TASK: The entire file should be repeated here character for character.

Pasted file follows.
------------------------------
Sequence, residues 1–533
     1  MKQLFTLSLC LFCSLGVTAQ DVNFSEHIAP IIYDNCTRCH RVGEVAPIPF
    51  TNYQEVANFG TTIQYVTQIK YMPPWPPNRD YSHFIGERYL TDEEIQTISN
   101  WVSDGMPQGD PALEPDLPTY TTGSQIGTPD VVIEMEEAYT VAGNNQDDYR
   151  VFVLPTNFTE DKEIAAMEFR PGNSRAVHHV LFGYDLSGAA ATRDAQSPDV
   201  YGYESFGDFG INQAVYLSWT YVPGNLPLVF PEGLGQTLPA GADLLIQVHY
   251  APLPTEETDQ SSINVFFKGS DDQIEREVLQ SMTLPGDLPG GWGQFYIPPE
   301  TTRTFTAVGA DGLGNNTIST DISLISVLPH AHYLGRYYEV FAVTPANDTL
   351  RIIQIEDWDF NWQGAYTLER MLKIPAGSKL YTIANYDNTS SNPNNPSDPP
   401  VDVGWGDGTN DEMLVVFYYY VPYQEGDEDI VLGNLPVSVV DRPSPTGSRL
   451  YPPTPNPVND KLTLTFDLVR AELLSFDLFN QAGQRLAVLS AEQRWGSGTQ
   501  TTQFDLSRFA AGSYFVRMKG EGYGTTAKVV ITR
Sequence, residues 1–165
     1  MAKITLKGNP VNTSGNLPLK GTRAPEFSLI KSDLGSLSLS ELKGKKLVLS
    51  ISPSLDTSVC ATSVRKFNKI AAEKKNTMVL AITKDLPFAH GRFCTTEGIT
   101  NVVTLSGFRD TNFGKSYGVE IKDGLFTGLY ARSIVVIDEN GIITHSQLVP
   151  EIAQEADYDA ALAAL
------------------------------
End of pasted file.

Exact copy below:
Sequence, residues 1–533
     1  MKQLFTLSLC LFCSLGVTAQ DVNFSEHIAP IIYDNCTRCH RVGEVAPIPF
    51  TNYQEVANFG TTIQYVTQIK YMPPWPPNRD YSHFIGERYL TDEEIQTISN
   101  WVSDGMPQGD PALEPDLPTY TTGSQIGTPD VVIEMEEAYT VAGNNQDDYR
   151  VFVLPTNFTE DKEIAAMEFR PGNSRAVHHV LFGYDLSGAA ATRDAQSPDV
   201  YGYESFGDFG INQAVYLSWT YVPGNLPLVF PEGLGQTLPA GADLLIQVHY
   251  APLPTEETDQ SSINVFFKGS DDQIEREVLQ SMTLPGDLPG GWGQFYIPPE
   301  TTRTFTAVGA DGLGNNTIST DISLISVLPH AHYLGRYYEV FAVTPANDTL
   351  RIIQIEDWDF NWQGAYTLER MLKIPAGSKL YTIANYDNTS SNPNNPSDPP
   401  VDVGWGDGTN DEMLVVFYYY VPYQEGDEDI VLGNLPVSVV DRPSPTGSRL
   451  YPPTPNPVND KLTLTFDLVR AELLSFDLFN QAGQRLAVLS AEQRWGSGTQ
   501  TTQFDLSRFA AGSYFVRMKG EGYGTTAKVV ITR
Sequence, residues 1–165
     1  MAKITLKGNP VNTSGNLPLK GTRAPEFSLI KSDLGSLSLS ELKGKKLVLS
    51  ISPSLDTSVC ATSVRKFNKI AAEKKNTMVL AITKDLPFAH GRFCTTEGIT
   101  NVVTLSGFRD TNFGKSYGVE IKDGLFTGLY ARSIVVIDEN GIITHSQLVP
   151  EIAQEADYDA ALAAL